When I was a little kid playing basketball, the golden goal every time I stepped on the court was 20 points. I played point guard, so the shots were never there (especially for a 12-year-old who’s main strength was driving left and finishing with his right hand) but 20 points in a game was the dream. I accomplished it only once. Whenever I’d go home after evening practices or weekend games to watch the NBA, it was the guys who could drop 20 points in their sleep who hogged the highlights and had that rare ability to take over a game. With the rapid progression of statistical metrics used today to analyze who’s effective in what situations; where on the court they’re most useful; and how coaches can squeeze the most value out of every player on their team, is it really worth having more than one 20 point per game scorer on a team? We saw the Boston Celtics win a championship without anybody on their star studded team average 20 per game, and the Lakers like to rely on Kobe. Miami is discovering two or three 20 point scorers on one team is a difficult thing to mix into a winning formula, and with two 20 point scorers onboard, New York find themselves shifting their offensive strategy.

Here’s a list of NBA champions with at least two 20 point per game scorers since 1980: 2006 Miami Heat (Shaq/Wade), 2002 Lakers (Shaq/Kobe), 2001 Lakers (Shaq/Kobe), 2000 Lakers (Shaq/Kobe), 1997 Bulls (Jordan/Pippen), 1995 Rockets (Clyde/Hakeem), 1992 Bulls (Jordan/Pippen), 1986 Celtics (Bird/McHale), 1983 Sixers (Moses Malone/Erving), 1982 Lakers (Kareem/Jamaal Wilkes) 1980 Lakers (Kareem/Wilkes). Apart from Jamaal Wilkes, every player on this list is either already in the Hall of Fame or headed there someday soon (Dwyane Wade a debatable exception). Nine out of the 11 teams listed have a dominant low post presence, a player who can take over games with his back to the basket and complement attacking guards by drawing double teams. The days of that happening from this point forward are bleak. Size is still a crucial element in the game of basketball, but more for rebounding and defensive intimidation.  The days of the franchise big man could simultaneously fade to black along with Dwight Howard’s career. This season’s contenders are all well balanced and traditionally constructed (except for Miami) with multiple players capable of scoring 20 points in a game but who instead find themselves sacrificing shots and points in the name of wins. Is this where the league is headed? If the superteam experiment fails, the NBA’s next blueprint to copy will be old fashioned: draft an uber talented player who can score at will but also help out in other ways when his shots aren’t falling, and surround him with skilled, agreeable role players. (See the Bulls, Thunder, Magic, Clippers, and maybe the Wizards somewhere down the line.) As LeBron found out, nobody can do this alone. Last season he infamously boasted he could lead the league in scoring every year of his career if he really wanted, but later admitted it would hurt his chances of winning if he were to do so. Other great scorers couldn’t seem to win even when they had help around them.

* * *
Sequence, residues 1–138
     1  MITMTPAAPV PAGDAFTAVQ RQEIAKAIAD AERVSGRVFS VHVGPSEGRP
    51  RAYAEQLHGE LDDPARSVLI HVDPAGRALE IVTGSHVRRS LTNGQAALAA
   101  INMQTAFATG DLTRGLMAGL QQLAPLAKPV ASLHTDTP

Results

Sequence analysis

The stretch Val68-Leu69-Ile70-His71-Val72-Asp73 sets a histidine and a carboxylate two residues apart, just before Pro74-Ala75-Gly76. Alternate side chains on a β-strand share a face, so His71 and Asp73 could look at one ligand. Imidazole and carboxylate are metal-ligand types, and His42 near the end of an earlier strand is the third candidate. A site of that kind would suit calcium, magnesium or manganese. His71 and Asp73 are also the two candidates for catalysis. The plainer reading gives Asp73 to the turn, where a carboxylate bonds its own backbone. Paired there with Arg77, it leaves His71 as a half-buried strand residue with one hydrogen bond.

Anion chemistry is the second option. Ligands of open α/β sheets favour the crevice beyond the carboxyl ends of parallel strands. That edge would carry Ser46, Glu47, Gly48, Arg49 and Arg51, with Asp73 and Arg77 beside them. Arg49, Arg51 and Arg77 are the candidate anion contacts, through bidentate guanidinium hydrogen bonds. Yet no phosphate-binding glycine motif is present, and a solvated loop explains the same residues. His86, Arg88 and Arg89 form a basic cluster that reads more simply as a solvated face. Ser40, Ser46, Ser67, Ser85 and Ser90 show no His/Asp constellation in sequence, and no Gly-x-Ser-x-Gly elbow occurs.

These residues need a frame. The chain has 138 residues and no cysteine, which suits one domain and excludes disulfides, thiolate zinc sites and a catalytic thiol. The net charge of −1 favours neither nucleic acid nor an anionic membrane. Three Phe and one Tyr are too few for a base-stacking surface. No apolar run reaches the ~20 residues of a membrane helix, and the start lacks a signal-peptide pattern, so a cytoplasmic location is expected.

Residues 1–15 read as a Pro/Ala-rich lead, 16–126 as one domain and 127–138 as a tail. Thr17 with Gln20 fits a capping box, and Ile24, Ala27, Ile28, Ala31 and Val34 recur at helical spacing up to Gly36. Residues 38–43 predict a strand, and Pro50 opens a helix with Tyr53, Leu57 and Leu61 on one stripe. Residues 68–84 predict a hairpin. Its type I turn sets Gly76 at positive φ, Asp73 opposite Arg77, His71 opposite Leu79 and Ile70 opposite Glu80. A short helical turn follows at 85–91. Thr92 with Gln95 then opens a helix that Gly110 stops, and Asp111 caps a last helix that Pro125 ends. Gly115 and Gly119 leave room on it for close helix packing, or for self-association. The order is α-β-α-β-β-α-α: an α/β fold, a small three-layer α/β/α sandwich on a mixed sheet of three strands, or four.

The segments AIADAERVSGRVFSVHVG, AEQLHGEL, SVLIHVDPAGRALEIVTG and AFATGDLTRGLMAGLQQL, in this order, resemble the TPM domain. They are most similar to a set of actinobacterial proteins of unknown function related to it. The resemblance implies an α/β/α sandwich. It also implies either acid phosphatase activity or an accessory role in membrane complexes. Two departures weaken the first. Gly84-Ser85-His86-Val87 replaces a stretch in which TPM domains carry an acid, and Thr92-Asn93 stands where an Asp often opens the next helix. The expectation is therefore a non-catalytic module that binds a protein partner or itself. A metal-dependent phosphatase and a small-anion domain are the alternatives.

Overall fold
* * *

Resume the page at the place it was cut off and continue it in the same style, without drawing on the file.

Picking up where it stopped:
Vince Carter is a career 22.4 points per game scorer, but he didn’t excel in any other area. His final chapter of relevance as a Magic starter saw Carter turn into a scared, inconsistent jump shooter, and it’s not like he never had assistance—Jason Kidd is the prototype teammate to enable success—so why couldn’t he win?  What about Dominique Wilkins (24.8), Gilbert Arenas (21.5), Tracy McGrady (20.7), Bernard King (22.5), or even George Gervin (25.1)? Were they just the tough luck Phil Mickelson’s of their era? Or was their ability to score as much a curse as it was a gift?